Tuesday, March 4, 2014


— mul·ti·far·i·ous·ness noun : having or occurring in great variety (including breaking ribs)

This is three weekends of scuba ending in my accident.

Many many weeks ago we go to dive a lake off a point that is listed as public but when we get there we realize it's a camp of sorts. It use to be a scout camp or bible camp but now it's public and has almost no advertising. We see some locals walking around and after a short time we make friends with them as they could use the company. They tell us a little history about the camps and give us some local intel on the lake.

Right in the middle of camp is a ship's bell and I tried to find anything to indicate it's historical place in time but it's hopeless and the elderly couple didn't know anything about it. We rang it only once, softly. We wouldn't want to bring any bad luck or lost souls up from Davy Jones Locker just before a scuba dive.

We dove the small swimming beach and then across town to a boat ramp. I dive solo and get a little lost. My compass got damaged so I was navigating by feel and missed the turn by a long way. I didn't realize I had swam a huge arc so when I turned around I was actually swimming away from shore. After an hour I surface from less then 6 feet of water to find I'm on an island, about 1,500 feet from the boat ramp. I surface swim for a long, long time. My buddies are laughing most of the time.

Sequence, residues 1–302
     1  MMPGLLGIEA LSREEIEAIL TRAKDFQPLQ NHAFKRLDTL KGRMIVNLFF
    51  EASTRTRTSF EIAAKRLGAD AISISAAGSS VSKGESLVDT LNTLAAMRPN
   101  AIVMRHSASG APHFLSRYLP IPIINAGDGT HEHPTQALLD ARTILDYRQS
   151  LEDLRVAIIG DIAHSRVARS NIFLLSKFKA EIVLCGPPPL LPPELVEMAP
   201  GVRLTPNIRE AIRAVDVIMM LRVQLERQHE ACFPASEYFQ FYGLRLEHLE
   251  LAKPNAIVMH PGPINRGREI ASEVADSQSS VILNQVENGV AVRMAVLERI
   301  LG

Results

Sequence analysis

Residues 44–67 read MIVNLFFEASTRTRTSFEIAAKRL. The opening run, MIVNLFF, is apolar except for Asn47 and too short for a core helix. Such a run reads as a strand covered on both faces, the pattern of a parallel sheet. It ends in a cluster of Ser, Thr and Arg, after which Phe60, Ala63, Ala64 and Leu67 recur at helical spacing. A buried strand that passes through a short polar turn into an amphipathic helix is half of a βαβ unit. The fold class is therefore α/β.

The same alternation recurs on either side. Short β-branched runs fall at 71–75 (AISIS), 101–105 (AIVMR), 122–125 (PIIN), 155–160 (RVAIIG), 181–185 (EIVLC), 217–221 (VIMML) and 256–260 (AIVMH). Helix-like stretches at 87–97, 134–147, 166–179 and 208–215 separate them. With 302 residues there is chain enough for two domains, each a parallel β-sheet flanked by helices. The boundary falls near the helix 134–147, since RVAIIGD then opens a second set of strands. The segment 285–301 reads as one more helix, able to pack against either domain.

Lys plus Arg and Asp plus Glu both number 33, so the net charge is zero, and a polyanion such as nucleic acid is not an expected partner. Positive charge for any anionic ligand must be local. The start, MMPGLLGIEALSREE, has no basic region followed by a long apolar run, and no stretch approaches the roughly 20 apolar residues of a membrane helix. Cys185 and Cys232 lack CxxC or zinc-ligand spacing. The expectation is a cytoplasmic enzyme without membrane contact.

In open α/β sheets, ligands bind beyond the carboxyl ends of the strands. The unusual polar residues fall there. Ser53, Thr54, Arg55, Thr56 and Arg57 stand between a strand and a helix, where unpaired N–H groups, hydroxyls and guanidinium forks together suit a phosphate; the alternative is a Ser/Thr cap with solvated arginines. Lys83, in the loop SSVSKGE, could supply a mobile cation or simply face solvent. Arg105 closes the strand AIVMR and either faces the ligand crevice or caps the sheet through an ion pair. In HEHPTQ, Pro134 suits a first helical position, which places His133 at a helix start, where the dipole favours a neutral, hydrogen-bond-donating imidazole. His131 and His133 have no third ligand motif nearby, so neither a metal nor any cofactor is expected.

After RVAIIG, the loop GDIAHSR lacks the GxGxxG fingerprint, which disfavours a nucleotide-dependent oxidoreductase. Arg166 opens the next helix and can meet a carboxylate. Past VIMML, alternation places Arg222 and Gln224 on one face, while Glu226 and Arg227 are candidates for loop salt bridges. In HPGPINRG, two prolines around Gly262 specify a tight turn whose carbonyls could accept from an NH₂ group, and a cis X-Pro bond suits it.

A few weeks later we are in Eagan jumping a real chithole. Lake maps say it should be clear and it used to be very popular for swimming so we figure it's a treasure hunt. The ice is thin in the south and open water on the main lake so we dive and find it's custard. Visibility is less that 2 feet and it's butterscotch color is nasty below 30 feet. We give up on scuba and go play on the thin ice.

The ice is maybe 1.5 inches thick so you can break through but it's not easy. We are looking for something to dive on because we can see the bottom.

 The wind keeps some holes open so it's running and jumping for the next hour or more.

We are in drysuits and although it's cold water we overheat. The fastest way to cool off is to get on the ice and take a little nap.

This is about an inch of ice.

This is less than an inch.

A few weeks later we are out on Tonka doing about the same thing and this time I get stupid and run across some floating ice, fall and bust a bunch of ribs. I'm laid up for 6 weeks.

This is a good overview of us messing around before I go break myself on the hole I cut.

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